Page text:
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Proc Natl Acad Sci U S A. 2019 Sep 24;116(39):19251-19257. doi: 10.1073/pnas.1821936116. Epub 2019 Sep 4.

Measuring actual learning versus feeling of learning in response to being actively engaged in the classroom.

Author information

1
Department of Physics, Harvard University, Cambridge, MA 02138; louis@physics.harvard.edu.
2
Department of Physics, Harvard University, Cambridge, MA 02138.
3
Department of Chemistry and Chemical Biology, Harvard University, Cambridge, MA 02138.
4
School of Engineering and Applied Sciences, Harvard University, Cambridge, MA 02138.

Abstract

We compared students' self-reported perception of learning with their actual learning under controlled conditions in large-enrollment introductory college physics courses taught using 1) active instruction (following best practices in the discipline) and 2) passive instruction (lectures by experienced and highly rated instructors). Both groups received identical class content and handouts, students were randomly assigned, and the instructor made no effort to persuade students of the benefit of either method. Students in active classrooms learned more (as would be expected based on prior research), but their perception of learning, while positive, was lower than that of their peers in passive environments. This suggests that attempts to evaluate instruction based on students' perceptions of learning could inadvertently promote inferior (passive) pedagogical methods. For instance, a superstar lecturer could create such a positive feeling of learning that students would choose those lectures over active learning. Most importantly, these results suggest that when students experience the increased cognitive effort associated with active learning, they initially take that effort to signify poorer learning. That disconnect may have a detrimental effect on students' motivation, engagement, and ability to self-regulate their own learning. Although students can, on their own, discover the increased value of being actively engaged during a semester-long course, their learning may be impaired during the initial part of the course. We discuss strategies that instructors can use, early in the semester, to improve students' response to being actively engaged in the classroom.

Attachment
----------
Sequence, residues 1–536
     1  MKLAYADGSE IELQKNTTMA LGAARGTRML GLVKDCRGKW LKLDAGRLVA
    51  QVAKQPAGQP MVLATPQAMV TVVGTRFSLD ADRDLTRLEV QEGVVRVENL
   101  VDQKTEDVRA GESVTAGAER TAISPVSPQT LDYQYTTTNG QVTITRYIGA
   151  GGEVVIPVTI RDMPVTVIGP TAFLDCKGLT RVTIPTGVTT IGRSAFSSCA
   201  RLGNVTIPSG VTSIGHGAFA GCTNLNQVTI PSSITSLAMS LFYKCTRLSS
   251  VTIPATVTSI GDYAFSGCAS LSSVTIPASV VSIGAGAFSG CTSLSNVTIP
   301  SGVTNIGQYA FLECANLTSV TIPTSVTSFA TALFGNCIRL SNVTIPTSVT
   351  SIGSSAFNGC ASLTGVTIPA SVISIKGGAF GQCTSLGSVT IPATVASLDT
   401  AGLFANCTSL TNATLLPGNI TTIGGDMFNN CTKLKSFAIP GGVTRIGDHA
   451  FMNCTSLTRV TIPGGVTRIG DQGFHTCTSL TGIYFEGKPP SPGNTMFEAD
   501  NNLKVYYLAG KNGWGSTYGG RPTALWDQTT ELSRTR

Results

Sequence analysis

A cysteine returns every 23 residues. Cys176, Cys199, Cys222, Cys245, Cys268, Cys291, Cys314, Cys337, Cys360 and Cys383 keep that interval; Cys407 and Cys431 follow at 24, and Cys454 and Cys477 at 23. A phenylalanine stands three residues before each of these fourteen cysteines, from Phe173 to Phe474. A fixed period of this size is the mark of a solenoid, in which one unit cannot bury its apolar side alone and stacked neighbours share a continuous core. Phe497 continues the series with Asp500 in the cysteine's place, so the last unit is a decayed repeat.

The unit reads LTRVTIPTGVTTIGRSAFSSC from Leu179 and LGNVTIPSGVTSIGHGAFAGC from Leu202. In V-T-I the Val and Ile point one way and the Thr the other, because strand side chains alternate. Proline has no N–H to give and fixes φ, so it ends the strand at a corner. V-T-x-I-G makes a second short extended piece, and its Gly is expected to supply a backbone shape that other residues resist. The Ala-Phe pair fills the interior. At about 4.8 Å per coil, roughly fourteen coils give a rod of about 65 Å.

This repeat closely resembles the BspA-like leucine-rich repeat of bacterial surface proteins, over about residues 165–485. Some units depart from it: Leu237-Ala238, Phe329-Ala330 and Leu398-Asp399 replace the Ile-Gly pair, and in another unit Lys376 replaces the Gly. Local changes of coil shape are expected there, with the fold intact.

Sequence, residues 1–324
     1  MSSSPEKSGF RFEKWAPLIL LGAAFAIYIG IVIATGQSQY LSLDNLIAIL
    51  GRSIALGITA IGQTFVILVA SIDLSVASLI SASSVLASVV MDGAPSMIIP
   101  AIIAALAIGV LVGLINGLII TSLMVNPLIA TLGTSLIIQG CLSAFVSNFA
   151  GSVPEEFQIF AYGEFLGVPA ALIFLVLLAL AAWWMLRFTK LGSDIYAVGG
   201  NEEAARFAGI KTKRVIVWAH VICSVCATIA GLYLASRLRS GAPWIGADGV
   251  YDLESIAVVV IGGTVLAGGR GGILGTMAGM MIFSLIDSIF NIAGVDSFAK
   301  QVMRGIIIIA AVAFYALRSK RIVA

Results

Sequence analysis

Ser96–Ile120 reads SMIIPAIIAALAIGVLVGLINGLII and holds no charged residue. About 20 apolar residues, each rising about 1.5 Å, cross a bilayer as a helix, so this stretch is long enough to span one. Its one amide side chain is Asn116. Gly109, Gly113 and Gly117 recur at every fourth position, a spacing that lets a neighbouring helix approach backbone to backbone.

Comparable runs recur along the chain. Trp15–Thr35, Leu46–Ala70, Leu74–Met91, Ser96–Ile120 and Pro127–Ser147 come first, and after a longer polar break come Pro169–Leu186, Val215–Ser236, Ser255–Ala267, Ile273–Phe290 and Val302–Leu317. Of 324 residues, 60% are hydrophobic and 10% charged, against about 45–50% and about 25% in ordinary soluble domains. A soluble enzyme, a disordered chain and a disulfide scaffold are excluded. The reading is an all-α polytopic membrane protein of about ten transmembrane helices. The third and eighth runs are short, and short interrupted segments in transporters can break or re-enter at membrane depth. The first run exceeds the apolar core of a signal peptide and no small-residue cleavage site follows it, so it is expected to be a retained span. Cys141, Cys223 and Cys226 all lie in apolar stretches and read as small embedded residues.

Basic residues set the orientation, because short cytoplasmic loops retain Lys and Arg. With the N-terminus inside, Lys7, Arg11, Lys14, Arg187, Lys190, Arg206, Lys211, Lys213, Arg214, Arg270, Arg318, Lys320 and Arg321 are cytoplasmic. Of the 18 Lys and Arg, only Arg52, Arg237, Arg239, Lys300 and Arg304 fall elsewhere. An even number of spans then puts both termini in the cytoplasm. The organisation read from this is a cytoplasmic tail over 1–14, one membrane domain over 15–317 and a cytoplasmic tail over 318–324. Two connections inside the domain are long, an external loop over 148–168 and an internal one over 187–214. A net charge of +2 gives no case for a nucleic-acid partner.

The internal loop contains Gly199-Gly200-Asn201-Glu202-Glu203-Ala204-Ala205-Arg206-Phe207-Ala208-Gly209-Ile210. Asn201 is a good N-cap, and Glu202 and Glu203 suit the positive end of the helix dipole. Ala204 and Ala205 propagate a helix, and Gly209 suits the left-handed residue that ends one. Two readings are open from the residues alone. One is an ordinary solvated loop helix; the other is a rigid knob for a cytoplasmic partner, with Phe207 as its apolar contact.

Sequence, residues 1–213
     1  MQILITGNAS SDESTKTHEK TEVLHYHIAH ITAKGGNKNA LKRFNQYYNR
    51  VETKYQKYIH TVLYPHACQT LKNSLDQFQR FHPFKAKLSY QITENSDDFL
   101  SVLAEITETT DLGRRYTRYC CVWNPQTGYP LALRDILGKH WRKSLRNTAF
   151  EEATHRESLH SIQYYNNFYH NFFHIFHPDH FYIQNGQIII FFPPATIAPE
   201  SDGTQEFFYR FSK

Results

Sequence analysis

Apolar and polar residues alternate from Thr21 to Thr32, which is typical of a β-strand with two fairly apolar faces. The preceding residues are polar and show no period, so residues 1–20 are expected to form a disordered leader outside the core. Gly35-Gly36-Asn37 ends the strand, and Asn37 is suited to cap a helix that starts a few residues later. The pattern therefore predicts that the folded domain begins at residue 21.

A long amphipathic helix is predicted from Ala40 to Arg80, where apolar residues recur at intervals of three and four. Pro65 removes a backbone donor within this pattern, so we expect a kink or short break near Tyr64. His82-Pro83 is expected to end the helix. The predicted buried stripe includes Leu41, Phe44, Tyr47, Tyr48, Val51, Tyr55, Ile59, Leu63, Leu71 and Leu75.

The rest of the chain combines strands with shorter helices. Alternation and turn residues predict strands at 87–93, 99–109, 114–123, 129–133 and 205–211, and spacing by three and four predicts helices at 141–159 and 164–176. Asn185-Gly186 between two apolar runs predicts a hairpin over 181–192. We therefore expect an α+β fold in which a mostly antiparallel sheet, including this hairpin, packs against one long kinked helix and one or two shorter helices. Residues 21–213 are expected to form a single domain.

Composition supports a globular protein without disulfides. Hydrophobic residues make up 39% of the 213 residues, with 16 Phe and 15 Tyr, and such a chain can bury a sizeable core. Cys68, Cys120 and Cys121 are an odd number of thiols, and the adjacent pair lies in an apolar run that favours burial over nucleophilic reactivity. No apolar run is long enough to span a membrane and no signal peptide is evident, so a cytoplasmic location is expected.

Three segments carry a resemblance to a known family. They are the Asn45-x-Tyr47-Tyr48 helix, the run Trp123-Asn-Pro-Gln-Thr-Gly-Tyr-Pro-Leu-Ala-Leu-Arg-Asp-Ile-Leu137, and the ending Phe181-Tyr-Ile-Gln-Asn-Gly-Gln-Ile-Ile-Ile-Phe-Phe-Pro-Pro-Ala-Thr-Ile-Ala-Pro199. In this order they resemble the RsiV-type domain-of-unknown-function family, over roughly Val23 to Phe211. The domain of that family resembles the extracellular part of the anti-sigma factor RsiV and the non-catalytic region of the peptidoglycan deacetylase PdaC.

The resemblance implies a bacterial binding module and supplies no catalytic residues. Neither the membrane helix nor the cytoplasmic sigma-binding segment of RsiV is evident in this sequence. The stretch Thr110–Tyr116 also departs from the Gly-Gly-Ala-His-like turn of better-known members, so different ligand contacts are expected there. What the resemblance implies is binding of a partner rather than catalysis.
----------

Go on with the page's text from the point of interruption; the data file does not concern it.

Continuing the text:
KEYWORDS:

constructivism; evidence-based teaching; scientific teaching; undergraduate education

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